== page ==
Generate a file for use with external citation management software. Cardiovasc Diabetol. 2015 Sep 22;14:124. doi: 10.1186/s12933-015-0285-1. HbA1c below 7% as the goal of glucose control fails to maximize the cardiovascular benefits: a meta-analysis. Department of Endocrinology, Affiliated ZhongDa Hospital of Southeast University, No. 87 DingJiaQiao Road, Nanjing, 210009, People's Republic of China. [email protected] Department of Endocrinology, Sichuan Academy of Medical Science and Sichuan Provincial People's Hospital, East District, No. 32, Section2, 1st Ring Road (West), Chengdu, 610072, Sichuan, People's Republic of China. wangpin542[email protected] Department of Endocrinology, Affiliated ZhongDa Hospital of Southeast University, No. 87 DingJiaQiao Road, Nanjing, 210009, People's Republic of China. [email protected] Department of Intensive Care Unit, Sichuan Academy of Medical Science and Sichuan Provincial People's Hospital, No. 32, Section2, 1st Ring Road (West), Chengdu, 610072, Sichuan, People's Republic of China. [email protected] Department of Endocrinology, Affiliated ZhongDa Hospital of Southeast University, No. 87 DingJiaQiao Road, Nanjing, 210009, People's Republic of China. [email protected] Department of Endocrinology, Affiliated ZhongDa Hospital of Southeast University, No. 87 DingJiaQiao Road, Nanjing, 210009, People's Republic of China. [email protected] Department of Endocrinology, Affiliated ZhongDa Hospital of Southeast University, No. 87 DingJiaQiao Road, Nanjing, 210009, People's Republic of China. [email protected] Department of Endocrinology, Affiliated ZhongDa Hospital of Southeast University, No. 87 DingJiaQiao Road, Nanjing, 210009, People's Republic of China. [email protected] Department of Endocrinology, Affil Continue reading >>

Understanding Your Hba1c

Understanding Your Hba1c

You’ve heard about a diabetes test called a hemoglobin A1C. It’s sometimes shortened to HgbA1c or HbA1c or just A1C. Hopefully, you know what yours is. But do you know what it means and what to do with the information? Hemoglobin is what makes red blood cells red. It consists of several proteins wrapped around an iron-based molecule called heme. Heme attaches to oxygen and carries it to the cells. That’s why iron is important in our diets. We need iron to make heme to carry oxygen, so our cells can breathe. Glucose (sugar) molecules are also floating along in our blood. Glucose attaches itself to all kinds of proteins, including the hemoglobin in red blood cells (RBCs). When glucose levels are high, many more of them will attach. Hemoglobin coated with glucose is called “glycated” or “glycosylated” hemoglobin. Glycation (“sugar-coating”) may not harm an RBC, but it does tell us if the cell has encountered much glucose during its lifetime. The more glucose has been in the blood, the more RBCs will be glycated. This is what an HbA1c test measures. A1C isn’t measuring what your blood glucose level is at the moment. It measures how high glucose has been over the last two months or so. RBCs only live about 100–120 days in the bloodstream. Once they become glycated, they stay glycated for life, so the number of glycated RBCs (HbA1c) gives a good picture of how much glucose has been in the blood recently. The A1C test has several advantages over other tests such as a fasting blood sugar (FBS). You don’t have to fast for an A1C. It can be taken at any time of day. It doesn’t matter what you ate the day before or on the day of the test, because it’s not measuring your current sugar. Normally, between 4.2% and 5.6% of RBCs will be glycated. The America Continue reading >>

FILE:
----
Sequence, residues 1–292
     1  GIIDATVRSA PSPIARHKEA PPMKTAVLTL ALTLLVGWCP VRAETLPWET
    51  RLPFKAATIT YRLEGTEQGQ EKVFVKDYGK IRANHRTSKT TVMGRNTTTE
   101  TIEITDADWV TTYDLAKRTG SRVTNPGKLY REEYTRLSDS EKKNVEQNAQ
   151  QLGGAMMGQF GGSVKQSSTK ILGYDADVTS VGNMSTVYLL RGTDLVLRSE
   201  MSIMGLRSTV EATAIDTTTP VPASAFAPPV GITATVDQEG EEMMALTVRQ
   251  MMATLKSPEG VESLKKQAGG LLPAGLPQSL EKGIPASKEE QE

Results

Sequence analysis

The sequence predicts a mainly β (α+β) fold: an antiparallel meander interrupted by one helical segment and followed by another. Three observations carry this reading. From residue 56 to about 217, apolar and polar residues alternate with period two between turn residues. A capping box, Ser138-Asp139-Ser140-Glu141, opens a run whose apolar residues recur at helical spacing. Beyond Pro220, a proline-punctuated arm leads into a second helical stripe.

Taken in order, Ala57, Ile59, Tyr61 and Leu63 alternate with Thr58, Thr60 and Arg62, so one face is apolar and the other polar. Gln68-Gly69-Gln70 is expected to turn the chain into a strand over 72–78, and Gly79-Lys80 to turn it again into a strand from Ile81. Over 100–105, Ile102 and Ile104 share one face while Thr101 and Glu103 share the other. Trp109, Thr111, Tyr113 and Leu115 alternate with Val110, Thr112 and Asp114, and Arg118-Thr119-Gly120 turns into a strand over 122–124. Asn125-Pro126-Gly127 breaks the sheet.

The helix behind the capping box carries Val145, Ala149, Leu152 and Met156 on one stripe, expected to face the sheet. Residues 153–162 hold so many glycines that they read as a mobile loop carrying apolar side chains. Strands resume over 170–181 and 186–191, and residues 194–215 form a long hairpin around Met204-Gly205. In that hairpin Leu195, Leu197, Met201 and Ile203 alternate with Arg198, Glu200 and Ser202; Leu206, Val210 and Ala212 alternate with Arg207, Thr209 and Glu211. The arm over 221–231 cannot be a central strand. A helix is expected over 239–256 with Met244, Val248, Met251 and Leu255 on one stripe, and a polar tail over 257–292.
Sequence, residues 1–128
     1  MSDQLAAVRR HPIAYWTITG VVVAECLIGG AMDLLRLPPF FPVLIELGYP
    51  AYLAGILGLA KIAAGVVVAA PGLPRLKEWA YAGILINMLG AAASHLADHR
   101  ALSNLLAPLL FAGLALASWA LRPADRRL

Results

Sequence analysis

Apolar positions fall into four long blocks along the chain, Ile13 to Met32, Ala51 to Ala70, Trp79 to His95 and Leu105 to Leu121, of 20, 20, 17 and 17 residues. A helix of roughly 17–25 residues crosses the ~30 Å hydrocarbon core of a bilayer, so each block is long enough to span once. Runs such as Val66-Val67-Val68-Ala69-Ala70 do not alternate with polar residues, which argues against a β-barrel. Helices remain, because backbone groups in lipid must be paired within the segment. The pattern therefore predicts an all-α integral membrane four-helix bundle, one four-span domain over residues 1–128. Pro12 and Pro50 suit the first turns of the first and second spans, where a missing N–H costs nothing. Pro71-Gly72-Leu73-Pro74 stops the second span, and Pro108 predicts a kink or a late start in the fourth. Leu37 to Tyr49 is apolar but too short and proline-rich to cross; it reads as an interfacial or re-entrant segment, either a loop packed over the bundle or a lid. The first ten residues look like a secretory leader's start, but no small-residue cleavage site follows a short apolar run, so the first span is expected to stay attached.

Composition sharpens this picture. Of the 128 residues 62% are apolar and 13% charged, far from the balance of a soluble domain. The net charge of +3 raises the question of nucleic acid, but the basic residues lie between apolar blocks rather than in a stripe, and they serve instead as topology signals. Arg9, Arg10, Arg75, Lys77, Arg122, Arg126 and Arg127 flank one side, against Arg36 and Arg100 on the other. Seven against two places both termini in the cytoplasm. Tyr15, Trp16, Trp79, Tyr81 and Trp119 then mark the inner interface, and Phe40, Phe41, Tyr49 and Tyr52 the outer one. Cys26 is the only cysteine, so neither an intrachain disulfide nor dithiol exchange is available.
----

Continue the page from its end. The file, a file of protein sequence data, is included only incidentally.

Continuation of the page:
What Is The Hba1c?

What Is The Hba1c?